As one of the first institutions of higher education established in the United States, Brown University's storied campus dates back to 1764. This also creates accessibility problems, however, as many of the historical buildings on its campus have yet to be renovated or retrofitted with elevators and ramps, which "requires a long-term commitment and significant investments in capital projects,” reports The Daily Herald, Brown University's student newspaper.
A faculty member at Brown observed to a reporter that campus-wide inaccessibility sends a clear message about "who Brown wants coming to this University — because right now, it is not physically disabled people." Providence, Rhode Island, was also "recently ranked as one of the worst cities for people with disabilities," according to reporting in The Daily Herald.
In 2021, Brown University reached a settlement with the U.S. Department of Justice for "denying readmission to certain students who had taken medical leaves of absence for mental health reasons from fall 2012 to spring 2017," which violated the 1990 Americans with Disabilities Act.
Although Brown, like many other universities, has experienced a surge in student demand for counseling services along with wait times of several weeks for initial appointments, in the past few years, Counseling and Psychological Services (CAPS) has been able to reduce wait times to 3 days. CAPS also lifted an annual limit on the number of sessions that students could schedule, allowing students to settle into long-term care without having to seek an off-campus provider.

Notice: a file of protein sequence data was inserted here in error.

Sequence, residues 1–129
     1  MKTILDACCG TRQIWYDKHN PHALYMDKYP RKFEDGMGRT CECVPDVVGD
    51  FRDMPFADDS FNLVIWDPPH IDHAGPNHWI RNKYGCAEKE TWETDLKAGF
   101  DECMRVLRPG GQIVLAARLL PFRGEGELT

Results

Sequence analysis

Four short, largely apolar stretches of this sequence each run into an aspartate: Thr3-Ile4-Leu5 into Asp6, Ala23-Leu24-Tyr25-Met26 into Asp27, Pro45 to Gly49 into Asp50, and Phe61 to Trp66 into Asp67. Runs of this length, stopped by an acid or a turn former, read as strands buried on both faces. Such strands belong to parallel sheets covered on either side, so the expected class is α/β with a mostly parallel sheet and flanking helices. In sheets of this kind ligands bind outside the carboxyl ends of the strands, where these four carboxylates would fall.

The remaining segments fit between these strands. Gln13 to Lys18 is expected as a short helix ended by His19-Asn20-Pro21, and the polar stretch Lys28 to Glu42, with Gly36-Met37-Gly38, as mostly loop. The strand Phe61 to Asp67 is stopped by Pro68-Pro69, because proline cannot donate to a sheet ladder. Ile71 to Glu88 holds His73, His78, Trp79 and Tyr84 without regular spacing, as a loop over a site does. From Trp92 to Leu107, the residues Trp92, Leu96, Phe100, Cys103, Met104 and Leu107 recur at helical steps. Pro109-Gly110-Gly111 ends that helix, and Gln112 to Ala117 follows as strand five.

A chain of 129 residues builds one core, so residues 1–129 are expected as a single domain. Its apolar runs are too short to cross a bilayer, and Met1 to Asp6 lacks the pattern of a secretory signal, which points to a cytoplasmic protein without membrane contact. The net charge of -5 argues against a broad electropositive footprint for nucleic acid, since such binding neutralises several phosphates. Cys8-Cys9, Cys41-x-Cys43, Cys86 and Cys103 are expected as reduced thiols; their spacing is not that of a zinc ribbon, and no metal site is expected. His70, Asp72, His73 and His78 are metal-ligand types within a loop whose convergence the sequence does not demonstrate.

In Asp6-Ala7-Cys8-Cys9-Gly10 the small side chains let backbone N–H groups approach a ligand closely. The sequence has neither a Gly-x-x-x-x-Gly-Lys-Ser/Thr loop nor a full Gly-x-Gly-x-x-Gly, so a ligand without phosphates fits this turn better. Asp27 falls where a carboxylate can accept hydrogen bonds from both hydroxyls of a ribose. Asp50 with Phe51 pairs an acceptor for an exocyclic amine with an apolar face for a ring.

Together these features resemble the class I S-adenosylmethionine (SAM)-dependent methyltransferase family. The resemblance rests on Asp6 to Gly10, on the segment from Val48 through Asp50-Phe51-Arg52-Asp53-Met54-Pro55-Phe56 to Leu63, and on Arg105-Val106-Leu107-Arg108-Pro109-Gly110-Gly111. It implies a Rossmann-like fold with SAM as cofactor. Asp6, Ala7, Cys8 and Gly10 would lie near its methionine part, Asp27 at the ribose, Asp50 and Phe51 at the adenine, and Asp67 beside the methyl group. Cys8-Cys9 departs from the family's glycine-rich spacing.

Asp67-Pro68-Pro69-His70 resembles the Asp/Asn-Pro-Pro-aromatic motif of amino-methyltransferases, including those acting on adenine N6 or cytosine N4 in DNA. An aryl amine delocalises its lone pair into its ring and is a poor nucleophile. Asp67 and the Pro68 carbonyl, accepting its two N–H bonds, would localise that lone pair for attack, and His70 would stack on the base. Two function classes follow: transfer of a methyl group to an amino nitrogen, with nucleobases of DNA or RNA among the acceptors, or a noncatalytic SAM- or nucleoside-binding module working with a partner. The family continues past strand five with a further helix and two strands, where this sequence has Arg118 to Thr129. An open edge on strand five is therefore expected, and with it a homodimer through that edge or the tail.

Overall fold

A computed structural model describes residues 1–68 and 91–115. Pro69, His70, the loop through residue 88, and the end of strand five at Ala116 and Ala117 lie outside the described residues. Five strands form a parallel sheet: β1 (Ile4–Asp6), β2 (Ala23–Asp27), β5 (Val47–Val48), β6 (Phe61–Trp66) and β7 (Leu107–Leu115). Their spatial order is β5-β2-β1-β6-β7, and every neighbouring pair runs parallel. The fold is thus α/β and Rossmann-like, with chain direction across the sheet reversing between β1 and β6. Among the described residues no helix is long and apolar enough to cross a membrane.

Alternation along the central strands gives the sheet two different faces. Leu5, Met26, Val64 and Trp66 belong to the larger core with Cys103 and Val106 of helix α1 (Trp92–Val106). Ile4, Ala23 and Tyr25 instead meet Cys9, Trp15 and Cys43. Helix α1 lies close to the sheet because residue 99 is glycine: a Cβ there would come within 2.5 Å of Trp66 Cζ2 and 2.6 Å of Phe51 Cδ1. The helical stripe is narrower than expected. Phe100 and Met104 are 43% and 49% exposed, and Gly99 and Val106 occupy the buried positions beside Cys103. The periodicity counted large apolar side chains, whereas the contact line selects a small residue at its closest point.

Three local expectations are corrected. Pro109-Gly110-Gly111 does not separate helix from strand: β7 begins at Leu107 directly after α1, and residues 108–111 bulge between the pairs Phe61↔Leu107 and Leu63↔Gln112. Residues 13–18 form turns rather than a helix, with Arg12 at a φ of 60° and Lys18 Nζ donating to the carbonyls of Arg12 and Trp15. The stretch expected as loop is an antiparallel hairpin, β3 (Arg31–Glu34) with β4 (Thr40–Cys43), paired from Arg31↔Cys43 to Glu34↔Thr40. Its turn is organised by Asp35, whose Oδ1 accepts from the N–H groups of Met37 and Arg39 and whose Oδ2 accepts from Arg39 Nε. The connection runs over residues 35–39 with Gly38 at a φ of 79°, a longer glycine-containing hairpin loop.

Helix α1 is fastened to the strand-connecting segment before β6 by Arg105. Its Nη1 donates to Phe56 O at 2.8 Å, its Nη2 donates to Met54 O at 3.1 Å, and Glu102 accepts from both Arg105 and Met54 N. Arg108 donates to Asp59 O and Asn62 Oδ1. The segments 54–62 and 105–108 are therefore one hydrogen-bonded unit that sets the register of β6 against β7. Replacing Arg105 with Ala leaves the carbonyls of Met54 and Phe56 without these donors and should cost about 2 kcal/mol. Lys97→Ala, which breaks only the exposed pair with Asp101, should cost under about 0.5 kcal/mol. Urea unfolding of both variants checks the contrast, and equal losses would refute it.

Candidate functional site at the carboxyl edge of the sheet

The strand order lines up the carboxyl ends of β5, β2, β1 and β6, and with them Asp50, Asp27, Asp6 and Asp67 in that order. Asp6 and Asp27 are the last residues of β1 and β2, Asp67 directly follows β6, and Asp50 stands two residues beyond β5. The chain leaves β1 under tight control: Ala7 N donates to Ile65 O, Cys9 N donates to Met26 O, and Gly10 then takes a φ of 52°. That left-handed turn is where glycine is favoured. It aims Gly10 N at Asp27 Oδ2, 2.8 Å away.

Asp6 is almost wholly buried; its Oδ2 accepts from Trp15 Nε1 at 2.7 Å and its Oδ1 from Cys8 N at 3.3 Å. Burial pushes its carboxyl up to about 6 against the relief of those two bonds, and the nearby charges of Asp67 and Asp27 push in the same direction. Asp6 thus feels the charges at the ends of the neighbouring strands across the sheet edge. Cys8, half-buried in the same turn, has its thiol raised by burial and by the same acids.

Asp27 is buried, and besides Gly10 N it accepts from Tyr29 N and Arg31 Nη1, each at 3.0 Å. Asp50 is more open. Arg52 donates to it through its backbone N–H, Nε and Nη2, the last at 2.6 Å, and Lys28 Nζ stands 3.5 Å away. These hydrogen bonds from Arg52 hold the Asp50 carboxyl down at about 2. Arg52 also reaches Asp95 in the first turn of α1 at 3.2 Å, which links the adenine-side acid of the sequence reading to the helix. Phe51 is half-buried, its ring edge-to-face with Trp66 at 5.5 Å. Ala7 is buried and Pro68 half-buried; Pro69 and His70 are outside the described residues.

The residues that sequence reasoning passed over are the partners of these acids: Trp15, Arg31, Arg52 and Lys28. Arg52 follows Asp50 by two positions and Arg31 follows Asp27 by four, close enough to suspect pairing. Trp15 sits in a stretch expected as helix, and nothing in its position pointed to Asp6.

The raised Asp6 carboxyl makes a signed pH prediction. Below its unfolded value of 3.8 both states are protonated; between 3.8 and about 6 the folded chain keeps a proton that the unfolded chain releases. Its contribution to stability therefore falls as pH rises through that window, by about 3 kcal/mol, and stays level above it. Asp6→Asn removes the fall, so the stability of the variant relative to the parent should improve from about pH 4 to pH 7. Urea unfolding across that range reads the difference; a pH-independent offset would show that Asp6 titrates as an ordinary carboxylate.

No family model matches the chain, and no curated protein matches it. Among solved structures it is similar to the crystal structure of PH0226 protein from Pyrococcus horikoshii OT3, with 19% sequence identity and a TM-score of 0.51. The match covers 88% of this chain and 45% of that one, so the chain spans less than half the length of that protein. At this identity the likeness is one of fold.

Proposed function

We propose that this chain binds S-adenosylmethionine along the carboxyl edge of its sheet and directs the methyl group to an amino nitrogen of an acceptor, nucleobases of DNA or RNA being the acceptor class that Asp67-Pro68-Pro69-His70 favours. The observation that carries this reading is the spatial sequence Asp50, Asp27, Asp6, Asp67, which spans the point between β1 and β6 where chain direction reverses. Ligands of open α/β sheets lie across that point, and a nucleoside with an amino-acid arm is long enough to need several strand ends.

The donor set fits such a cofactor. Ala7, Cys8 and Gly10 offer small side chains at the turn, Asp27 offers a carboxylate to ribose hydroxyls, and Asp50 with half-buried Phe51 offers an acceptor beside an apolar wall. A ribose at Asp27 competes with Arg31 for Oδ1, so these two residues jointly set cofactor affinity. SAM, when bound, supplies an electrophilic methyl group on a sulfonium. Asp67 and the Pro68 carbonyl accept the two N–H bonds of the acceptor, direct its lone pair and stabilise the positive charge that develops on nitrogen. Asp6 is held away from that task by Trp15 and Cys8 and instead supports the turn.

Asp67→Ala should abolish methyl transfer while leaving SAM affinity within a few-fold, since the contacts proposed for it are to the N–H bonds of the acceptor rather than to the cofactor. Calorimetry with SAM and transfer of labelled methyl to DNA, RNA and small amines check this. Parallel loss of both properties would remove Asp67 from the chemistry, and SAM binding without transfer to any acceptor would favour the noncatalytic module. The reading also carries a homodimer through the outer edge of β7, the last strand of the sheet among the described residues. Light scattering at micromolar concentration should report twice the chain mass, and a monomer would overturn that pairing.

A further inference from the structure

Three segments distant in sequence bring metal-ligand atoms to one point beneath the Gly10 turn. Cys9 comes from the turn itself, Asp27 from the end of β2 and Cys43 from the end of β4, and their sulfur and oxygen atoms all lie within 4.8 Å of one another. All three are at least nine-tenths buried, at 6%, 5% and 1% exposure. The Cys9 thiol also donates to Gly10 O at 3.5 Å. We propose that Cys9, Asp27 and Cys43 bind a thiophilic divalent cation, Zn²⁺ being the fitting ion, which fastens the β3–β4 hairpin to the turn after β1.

Project LETS, which was started at Brown, has helped to transform Brown University's campus into a model of student mental health support. Priorities moving forward should be improving campus accessibility for physically disabled students, increasing disability-related cultural and educational programming, creating disabled community spaces at Brown, and reducing or eliminating police presence on campus.
In 2021, then PhD student, John Wrenn, conducted an informal count of surveillance cameras on the Brown campus, and found that "Brown University has deployed one surveillance camera for approximately every 18 community members, placing it just shy of London, but ahead of every Chinese city except Taiyuan and Wuxi."
A class action complaint filed Sept. 23 claims that some of the University’s websites, including the athletics website and the campus shop website, violate the Americans with Disabilities Act by not being fully compatible with computer screen-reading programs.
Plaintiff Milagros Senior — who is legally blind and requires screen-reading programs to access web content — claimed she faced multiple access barriers when trying to view information about Brown sports teams and purchase a product on the University’s websites, according to court documents.
The complaint lists access barriers such as a lack of alternative text, invisible code under images that screen-reading software uses to vocally describe graphics; empty links that contain no text and redundant links going to the same URL address, which can have unclear functions or require additional navigation; and multiple pages with the same title elements, which may prevent visually impaired users from distinguishing pages.